What is a tampon?
A tampon is among the insertion period products that are small, soft and cylindrical in shape. They are designed to be pushed into the vagina, where they act as a plug and absorb the period blood before it exits the body.
There is a string attached at the end of a tampon that sticks out of your vagina after you have put the tampon in. This is the same string that is used to pull the tampon out while removing it from your body.
Is there a certain appropriate age for using tampons for the first time?
Ideally, you can start using a tampon as soon as you get your first period, which can be as early as 10 years old or slightly less. They can give you the freedom to engage in activities like swimming while menstruating and anyone who feels comfortable using insertion menstrual products can use them at whatever age they wish to.
What should you consider when choosing your first tampon?
When choosing a tampon, it is important to consider a few factors, especially if it’s your first time. There is a wide variety available in the market and it can appear as a daunting task to make an appropriate choice.
But, with a little guidance from reliable sources, you should be able to make a choice that fits you and your body completely. So, here’s what you need to consider while choosing your first tampon:
- Size - Tampons usually come in three different sizes, though that can vary from one brand to another. There is a light flow or regular kind, which is designed to absorb less blood during your menses. So, if it’s your first day, or if you bleed light in general, you can go for this size. Then there comes the moderate to heavy flow types which have a higher absorption capacity. They are slightly thicker and are designed for your heavy flow days, so pick one if that suits you.
- Type - You will find tampons in the market which are made from synthetic materials, probably with added fragrance. It’s best to avoid this kind as they can increase your chances of getting an infection or an irritated vulva or vagina. The other kind is made of sustainable materials like organic cotton such as the Carmesi Tampons which are made of 100% organic cotton and are designed to be soft and irritation-free.
Knowledge level - Before using anything, especially products that go inside your body, it is important to do thorough research in order to figure out if it’s suitable for you. You should also be aware of the possible risks like TSS, which may happen if you leave a tampon in for longer than advised. It is also important to know the variety available so you can make an informed decision about the kind to go for.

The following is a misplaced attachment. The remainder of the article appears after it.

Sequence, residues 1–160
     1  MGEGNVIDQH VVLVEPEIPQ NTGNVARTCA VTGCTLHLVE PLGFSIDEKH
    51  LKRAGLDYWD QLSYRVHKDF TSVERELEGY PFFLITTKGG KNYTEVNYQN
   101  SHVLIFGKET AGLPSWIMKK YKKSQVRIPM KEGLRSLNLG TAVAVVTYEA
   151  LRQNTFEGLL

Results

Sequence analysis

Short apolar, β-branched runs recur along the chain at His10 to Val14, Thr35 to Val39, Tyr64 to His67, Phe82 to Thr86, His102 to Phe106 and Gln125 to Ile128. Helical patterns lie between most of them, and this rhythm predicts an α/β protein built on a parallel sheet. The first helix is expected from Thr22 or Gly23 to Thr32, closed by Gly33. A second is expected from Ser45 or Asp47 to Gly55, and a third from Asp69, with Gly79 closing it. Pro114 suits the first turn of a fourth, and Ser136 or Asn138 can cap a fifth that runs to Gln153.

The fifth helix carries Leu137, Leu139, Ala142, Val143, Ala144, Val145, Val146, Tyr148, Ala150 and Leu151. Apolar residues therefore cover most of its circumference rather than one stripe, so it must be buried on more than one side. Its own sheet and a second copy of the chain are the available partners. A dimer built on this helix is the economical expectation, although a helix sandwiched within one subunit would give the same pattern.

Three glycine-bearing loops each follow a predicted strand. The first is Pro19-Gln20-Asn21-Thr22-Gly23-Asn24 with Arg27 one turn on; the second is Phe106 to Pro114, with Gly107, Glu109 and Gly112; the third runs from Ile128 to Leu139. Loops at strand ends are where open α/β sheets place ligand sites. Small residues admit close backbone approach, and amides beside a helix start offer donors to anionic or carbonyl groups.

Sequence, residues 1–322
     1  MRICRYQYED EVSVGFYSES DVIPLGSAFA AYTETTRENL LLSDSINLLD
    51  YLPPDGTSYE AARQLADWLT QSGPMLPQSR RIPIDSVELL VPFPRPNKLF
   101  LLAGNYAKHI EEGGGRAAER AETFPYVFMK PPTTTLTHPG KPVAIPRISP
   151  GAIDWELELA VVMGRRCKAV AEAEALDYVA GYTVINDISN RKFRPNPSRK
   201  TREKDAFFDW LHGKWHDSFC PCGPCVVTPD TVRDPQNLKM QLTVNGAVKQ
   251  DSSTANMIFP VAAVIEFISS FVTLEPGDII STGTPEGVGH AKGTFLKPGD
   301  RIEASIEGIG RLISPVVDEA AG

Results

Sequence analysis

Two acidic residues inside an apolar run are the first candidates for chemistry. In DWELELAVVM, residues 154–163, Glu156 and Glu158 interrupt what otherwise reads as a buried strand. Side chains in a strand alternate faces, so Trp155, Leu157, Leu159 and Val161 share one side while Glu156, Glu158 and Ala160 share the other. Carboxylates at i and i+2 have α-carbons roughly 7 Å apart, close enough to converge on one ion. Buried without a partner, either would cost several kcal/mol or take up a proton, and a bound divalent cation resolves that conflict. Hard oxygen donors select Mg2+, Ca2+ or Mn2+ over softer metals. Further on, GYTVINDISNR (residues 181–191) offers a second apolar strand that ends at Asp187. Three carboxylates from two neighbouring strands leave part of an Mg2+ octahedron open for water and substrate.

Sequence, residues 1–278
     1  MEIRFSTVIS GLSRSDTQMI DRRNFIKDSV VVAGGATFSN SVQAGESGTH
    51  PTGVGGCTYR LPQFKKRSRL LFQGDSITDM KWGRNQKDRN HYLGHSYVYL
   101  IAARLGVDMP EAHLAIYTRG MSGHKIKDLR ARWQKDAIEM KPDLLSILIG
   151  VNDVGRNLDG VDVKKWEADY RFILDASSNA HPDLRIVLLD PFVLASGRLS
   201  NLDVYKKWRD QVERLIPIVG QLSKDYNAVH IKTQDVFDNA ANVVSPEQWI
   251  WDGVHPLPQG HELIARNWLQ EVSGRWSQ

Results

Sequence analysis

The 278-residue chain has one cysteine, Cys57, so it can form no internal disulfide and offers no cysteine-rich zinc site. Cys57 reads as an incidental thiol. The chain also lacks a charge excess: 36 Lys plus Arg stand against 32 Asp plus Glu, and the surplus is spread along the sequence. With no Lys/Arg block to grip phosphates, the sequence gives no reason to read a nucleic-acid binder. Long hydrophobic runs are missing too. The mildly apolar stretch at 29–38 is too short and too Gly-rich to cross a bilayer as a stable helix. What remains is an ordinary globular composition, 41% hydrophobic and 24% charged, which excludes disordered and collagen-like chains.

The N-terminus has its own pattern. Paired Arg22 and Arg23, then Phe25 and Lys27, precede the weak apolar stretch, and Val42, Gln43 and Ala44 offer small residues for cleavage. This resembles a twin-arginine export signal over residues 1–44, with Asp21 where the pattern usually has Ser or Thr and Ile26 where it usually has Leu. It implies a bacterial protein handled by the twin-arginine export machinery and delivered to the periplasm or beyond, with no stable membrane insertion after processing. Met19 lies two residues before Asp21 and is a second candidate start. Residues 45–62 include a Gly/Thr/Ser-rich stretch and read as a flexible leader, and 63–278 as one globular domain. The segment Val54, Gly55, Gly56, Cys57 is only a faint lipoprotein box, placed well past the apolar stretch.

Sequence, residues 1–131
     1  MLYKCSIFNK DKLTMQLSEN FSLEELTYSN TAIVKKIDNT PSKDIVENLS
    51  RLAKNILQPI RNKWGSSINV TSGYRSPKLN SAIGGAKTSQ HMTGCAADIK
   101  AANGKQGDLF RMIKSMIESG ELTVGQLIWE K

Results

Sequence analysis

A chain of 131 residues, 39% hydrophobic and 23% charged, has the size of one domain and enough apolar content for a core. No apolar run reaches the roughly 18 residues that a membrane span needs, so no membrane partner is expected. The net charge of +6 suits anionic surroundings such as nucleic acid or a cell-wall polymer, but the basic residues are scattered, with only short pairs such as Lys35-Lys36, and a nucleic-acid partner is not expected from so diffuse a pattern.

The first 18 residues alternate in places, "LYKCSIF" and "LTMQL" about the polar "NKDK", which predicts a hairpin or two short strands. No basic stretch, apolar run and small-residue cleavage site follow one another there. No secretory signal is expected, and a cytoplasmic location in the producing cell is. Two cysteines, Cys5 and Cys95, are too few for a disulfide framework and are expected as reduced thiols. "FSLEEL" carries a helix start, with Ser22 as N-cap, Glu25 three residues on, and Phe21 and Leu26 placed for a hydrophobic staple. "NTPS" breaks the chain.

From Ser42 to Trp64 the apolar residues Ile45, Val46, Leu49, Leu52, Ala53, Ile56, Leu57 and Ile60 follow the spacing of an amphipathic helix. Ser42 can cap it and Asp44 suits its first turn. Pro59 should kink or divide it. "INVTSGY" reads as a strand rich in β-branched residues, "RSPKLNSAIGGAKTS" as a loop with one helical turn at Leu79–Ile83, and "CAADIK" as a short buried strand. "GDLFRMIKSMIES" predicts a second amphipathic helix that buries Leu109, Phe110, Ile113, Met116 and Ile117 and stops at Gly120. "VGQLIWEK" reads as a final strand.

How do you use a tampon safely?
Tampons are fairly easy to use once you get the hang of it, but there are certain things that you should keep in mind in order to use them safely:
Once you have selected a tampon that suits your needs, it’s time to start using one:
- Wash your hands - The first and foremost thing to do is wash your hands, preferably in lukewarm water with soap. This will make sure your hands are clean and germ-free and will minimize the possibility of contracting an infection.
- Push the base of the tampon with your index finger - Keep your index finger at the base of the tampon and hold it on the sides with your thumb and middle finger. This ensures the best possible grip, which facilitates easy insertion.
- Relax your muscles - If this is your first time, it is quite possible that you are feeling somewhat nervous. But, when you feel tense, your vaginal muscles also tend to contract, making insertion painful. Take a deep breath to relax and remember that this doesn’t have to be painful. If it helps, use some water to wet your vaginal area to create some lubrication for a painless and easy insertion.
- Push the tampon in - Once you are ready, push the tampon in with your index finger while using the other two for support. You will know that it’s properly inside once you can no longer feel anything but a portion of the string sticking out.
It’s very important to remember that you should not keep a tampon in for more than 8 hours, otherwise you increase your chances of getting a rare infection called the toxic shock syndrome (TSS), which can sometimes be potentially fatal. Other than that, you can change your tampons anywhere from 2 to 5 hours, depending on your flow. When removing a tampon, just follow the steps below:
- Wash your hands - Again, it is very important to wash your hands with soap and water before attempting to remove a tampon.
- Relax your muscles - Take a deep breath, relax your vaginal muscles to make the removal process easy.
- Pull the string - Gently tug at the string and keep pulling at it till the entire tampon is out. You should never rush this process, as you can end up hurting yourself or breaking the string, which can make removal more difficult.
Dispose of it safely - Once you have successfully removed the tampon, wrap it in a newspaper or biodegradable bag and throw it along with other dry waste. Never flush it down the toilet as it can result in clogging.
Does it affect your virginity?
Growing up in a society where the hymen is seen as a symbol of virginity, it is natural to have some concerns that insertion menstrual products may affect your virginity. While the tampon can stretch the hymen to an extent, it is important to remember that it has nothing to do with your virginity, which, again, is a social construct.But, if you are still concerned, it is worth noting that your virginity is only affected if you engage in sexual activities with a partner and menstrual products or even masturbation cannot affect that in any way.